Chapter Thirty One returns to Charles looking over a partition and we are informed that he has seen Sarah asleep. He says her name, Miss Woodruff, although he had not intended to. He informs her that a search party has been out looking for her and that it is clear she must now leave Lyme. He tells her to control herself when she takes his hand and raises it to his lips. She says she cannot and then falls to her knees saying she has lied to him: she made sure that Mrs Fairley saw her on the Commons. ‘The moment overcame the age’ as he then takes her in his arms and kisses her. He then pushes her violently away and turns and rushes through the door. Unfortunately, he rushes into ‘yet another horror’ and it was not Doctor Grogan.
In Chapter Thirty Two, the readers are told that Ernestina has not been able to sleep that night either and she has seen that the light has been on in Charles’s room (in the White Lion) long after her aunt went to sleep. She thinks this is a sign that Charles is displeased with her. The narrator considers how the middle-class ‘habitually despises itself’ and Ernestina is no exception (for thinking she is not good enough in terms of class distinctions). She gets up and writes in her diary. She asks God to forgive her for being angry at the news of Charles’s uncle getting married and promises to honor and obey Charles. She then falls asleep and is still asleep when Sam comes to Aunt Tranter’s having being told he and Charles are leaving at noon. Aunt Tranter finds Mary in tears and lets her off duty until Ernestina needs her later in the morning.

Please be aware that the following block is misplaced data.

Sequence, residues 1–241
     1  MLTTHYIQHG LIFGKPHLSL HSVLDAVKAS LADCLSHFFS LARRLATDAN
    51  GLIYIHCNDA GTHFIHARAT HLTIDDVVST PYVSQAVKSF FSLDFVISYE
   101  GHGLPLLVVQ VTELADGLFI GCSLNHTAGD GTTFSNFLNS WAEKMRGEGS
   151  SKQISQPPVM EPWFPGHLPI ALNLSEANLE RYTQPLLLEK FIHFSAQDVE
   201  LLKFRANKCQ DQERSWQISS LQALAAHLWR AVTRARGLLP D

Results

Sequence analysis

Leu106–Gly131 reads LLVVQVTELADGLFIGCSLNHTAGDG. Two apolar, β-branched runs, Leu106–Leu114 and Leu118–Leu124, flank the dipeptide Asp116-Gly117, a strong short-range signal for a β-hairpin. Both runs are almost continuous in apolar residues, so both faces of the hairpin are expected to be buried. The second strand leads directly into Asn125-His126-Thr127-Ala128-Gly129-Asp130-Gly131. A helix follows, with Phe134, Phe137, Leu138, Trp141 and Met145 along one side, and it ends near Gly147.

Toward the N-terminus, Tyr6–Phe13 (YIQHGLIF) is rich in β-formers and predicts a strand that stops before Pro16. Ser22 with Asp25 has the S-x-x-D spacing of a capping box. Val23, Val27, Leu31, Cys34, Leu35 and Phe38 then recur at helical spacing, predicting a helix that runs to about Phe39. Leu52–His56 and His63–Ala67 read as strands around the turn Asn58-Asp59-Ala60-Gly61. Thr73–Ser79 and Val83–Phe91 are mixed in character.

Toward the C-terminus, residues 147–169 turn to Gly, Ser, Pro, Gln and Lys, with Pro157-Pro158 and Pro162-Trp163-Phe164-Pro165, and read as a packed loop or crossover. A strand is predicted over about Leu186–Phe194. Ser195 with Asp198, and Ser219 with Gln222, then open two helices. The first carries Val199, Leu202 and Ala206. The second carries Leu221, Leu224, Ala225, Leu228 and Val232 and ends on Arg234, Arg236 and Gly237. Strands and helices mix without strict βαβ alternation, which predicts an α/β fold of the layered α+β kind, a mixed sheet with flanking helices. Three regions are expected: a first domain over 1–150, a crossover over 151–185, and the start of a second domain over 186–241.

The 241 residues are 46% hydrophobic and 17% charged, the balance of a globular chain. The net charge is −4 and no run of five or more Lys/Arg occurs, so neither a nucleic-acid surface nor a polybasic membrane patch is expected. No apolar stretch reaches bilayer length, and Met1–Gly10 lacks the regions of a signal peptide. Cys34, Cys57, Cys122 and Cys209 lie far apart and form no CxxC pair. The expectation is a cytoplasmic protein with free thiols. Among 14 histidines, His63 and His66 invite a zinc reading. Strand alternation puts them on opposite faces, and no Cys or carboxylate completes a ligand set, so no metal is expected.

Chapter Thirty Three returns to the barn and it is difficult to say who is more shocked, the master or the servants. Sam and Mary both see Sarah in the barn and Mary retreats whilst Charles tells Sam that he is here on the request of the doctor and nobody must know. When they leave, Charles gives Sarah his purse of money and tells her he must go to London and advises her to leave for Exeter. She proclaims, ‘seeing you is all I live for!’, but this makes him feel threatened. She then tells him that if she had wished to kill herself, she would have done so before now and accepts his loan with gratitude. He lets her know about the talk in the town of having her committed to an institution and repeats that she should go to Exeter and Mrs. Talbot and Mrs. Tranter will give her references. He walks up the path with her and before they part he tells her he will never forget her. Ten minutes later, Charles sees a short figure in the distance (which could be Doctor Grogan); Charles hesitates and then continues walking.
Analysis – Chapters Thirty One, Thirty Two and Thirty Three
Class distinctions are a strong theme in this novel and Chapter Thirty One offers a useful insight into explaining how the middle classes are, to some extent, controlled by an internalized form of control: by self-hatred. Ernestina is representative of how the members of the bourgeoisie unconsciously use this self-loathing as a form of self-punishment and how this, in turn, maintains the status quo. This is because those higher in the hierarchy continue to be envied and revered and the class differences remain in place.